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Indonesia activist hunts poachers of endangered wildlife

Irma Hermawati, who works for a nonprofit, seeks to stem a lucrative trade in rare animals, including orangutans and the Sumatran tiger, that is evident in teeming Indonesia markets.

November 02, 2009|John M. Glionna

JAKARTA, INDONESIA — The monkey, shackled to an iron stake, paced a narrow strip of dirt filled with its own excrement. As people laughed and pointed, the creature bared its teeth and lunged at the end of its line.

"He gets angry," said one trader at the teeming animal market here. "Like a little person."

Irma Hermawati gets angry too. The 31-year-old Javanese native is an investigator for the nonprofit group ProFauna, which lobbies on behalf of what she believes is Indonesia's most precious resource: its indigenous wildlife.

She spends her days plotting sting operations against well-organized poaching rings that extend across Indonesia. Wearing a traditional veil over her face, she also ventures undercover into Jakarta's riotous animal markets.

Hermawati is hunting the animal hunters.

Poaching has joined rampant logging and jungle deforestation as one of this developing nation's most pressing environmental problems. Indonesia has 230 animals on its endangered species list, and virtually every one of them can be bought here in the capital.

"It's alarming to see that Indonesia's list of protected species is getting longer, not shorter," she said. "People want medicine and exotic pets. If an animal is protected and therefore expensive, they think it gives them status to own it."

Each year, hundreds of thousands of animals are trapped and carted from the forest to supply an underground market that activists say reaps between $10 million and $20 million annually.

Although laws prohibit such poaching and sales, enforcement is weak and in many places nonexistent.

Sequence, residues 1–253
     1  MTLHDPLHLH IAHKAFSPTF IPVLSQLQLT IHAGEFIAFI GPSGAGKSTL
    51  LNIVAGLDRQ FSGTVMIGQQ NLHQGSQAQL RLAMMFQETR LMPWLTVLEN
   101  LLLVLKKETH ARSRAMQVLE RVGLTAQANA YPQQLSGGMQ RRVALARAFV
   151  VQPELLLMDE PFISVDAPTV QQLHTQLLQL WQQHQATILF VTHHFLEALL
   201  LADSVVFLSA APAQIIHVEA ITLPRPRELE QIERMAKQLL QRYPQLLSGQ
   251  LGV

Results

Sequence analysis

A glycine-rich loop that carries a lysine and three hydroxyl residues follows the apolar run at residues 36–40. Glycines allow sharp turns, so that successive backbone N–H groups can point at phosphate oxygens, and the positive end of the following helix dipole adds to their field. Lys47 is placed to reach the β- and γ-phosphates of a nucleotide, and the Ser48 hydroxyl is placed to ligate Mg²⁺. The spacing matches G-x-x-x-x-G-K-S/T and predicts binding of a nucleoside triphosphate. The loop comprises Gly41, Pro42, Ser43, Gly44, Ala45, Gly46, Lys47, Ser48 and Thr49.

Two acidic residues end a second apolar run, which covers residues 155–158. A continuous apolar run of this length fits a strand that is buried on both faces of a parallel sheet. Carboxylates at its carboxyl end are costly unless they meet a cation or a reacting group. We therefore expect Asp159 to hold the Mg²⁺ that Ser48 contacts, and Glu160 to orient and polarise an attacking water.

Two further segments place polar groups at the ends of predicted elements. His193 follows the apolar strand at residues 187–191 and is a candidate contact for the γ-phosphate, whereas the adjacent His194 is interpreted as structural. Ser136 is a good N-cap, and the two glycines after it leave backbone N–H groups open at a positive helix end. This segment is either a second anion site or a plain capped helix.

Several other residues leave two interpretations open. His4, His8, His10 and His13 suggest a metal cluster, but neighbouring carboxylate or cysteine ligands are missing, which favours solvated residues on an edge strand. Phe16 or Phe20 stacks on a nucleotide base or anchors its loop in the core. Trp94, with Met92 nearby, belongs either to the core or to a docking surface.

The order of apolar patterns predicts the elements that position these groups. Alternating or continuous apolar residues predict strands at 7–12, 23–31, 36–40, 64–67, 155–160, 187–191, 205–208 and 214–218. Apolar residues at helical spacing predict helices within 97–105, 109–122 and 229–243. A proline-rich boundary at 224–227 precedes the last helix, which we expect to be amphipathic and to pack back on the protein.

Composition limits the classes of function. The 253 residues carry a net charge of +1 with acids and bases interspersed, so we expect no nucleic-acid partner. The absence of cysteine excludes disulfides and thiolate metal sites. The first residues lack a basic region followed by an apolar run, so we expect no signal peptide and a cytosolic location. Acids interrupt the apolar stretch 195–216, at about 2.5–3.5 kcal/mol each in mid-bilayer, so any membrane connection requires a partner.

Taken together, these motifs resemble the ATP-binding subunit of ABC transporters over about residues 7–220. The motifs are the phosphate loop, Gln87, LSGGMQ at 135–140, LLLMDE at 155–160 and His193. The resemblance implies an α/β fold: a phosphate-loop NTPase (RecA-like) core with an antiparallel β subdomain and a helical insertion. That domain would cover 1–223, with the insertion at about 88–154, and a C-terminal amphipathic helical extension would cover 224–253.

The hunted animals include Sumatran tigers, orangutans, cockatoos, monkeys, bats, parrots, turtles, even baby elephants, activists say. Poachers often employ crude trapping techniques that leave animals with wounds and infections that go untreated.

Cramped in crates, many animals die on the long, secretive journey to market. Some are given tranquilizers or drugs before being smuggled out of the country, where they fetch 10 times their local value.

"The problem is real and bigger than anyone realized," said Aschta Boestani, an Indonesia expert for the Wildlife Enforcement Network of the Assn. of Southeast Asian Nations.

In addition to the many creatures displayed and sold legally at markets in Jakarta and elsewhere, many vendors keep a secret list of species for customers willing to pay $1,500 for the pelt of a Sumatran tiger or $150 for a Javan gibbon.

"You'd be surprised what's on those lists," Boestani said. "Sun bears packed off to Japan. Tigers sent to China for medicine. Pangolins shipped to Vietnam -- some of the most beautiful imperiled creatures on the planet."

Government officials admit they are fighting a losing battle. With Indonesia having little money for public campaigns and only 12,000 rangers to cover nearly 50 million acres of dense forest, poachers often operate with impunity.

"Nobody wants to see this. People see magazine pictures of gorgeous, colorful birds and exotic animals and they ask, 'Why can't you stop this?' " said Tonny Soehartono, former director of biodiversity conservation with the Forestry Ministry.

"It comes down to money. There is a market for these animals that draws organized-crime syndicates," he said. "The jungle is a difficult place to enforce the law."

On a recent day at Jakarta's Pramuka market, thousands of bamboo cages dangled overhead -- many filled with birds supposedly protected by the government -- as customers and traders crowded into a maze of darkened stalls.

One vendor sought $750 for a Balinese monkey that sat in a cramped cage, barely able to move. Nearby, two vendors demonstrated how a small wooden device inserted into the anus of a pigeon produced a whistling noise when the bird flew. Woodpeckers hammered at logs and large bats hung upside down in cages.

"Batman," the merchant said, smiling, patting the cage.

Nearby at the sprawling Jatinegara market, a baby brown eagle indigenous to Indonesia was tied to a stick, eyeing passersby with a look that seemed a mixture of fear and fury.

Hermawati first witnessed the fate of Indonesia's wildlife on mountain hikes in East Java, when she saw exotic birds trapped in tiny cages, waiting to be scooped up by poachers.

"It was cruel," she said, "and I wanted to find out how to stop it."

She joined ProFauna in 1998 and soon relocated to Jakarta, the Indonesian capital, where she saw firsthand the extent of the urban smuggling network.

At some markets here, a deposit of just $50 can get a customer a tiger, endangered monkey or orangutan delivered in a week.

The job is dangerous. She has received death threats. Ominous visitors have shown up at her office outside Jakarta.

What keeps her going, she said, are the successful stings that land poachers in jail -- at least for a while.

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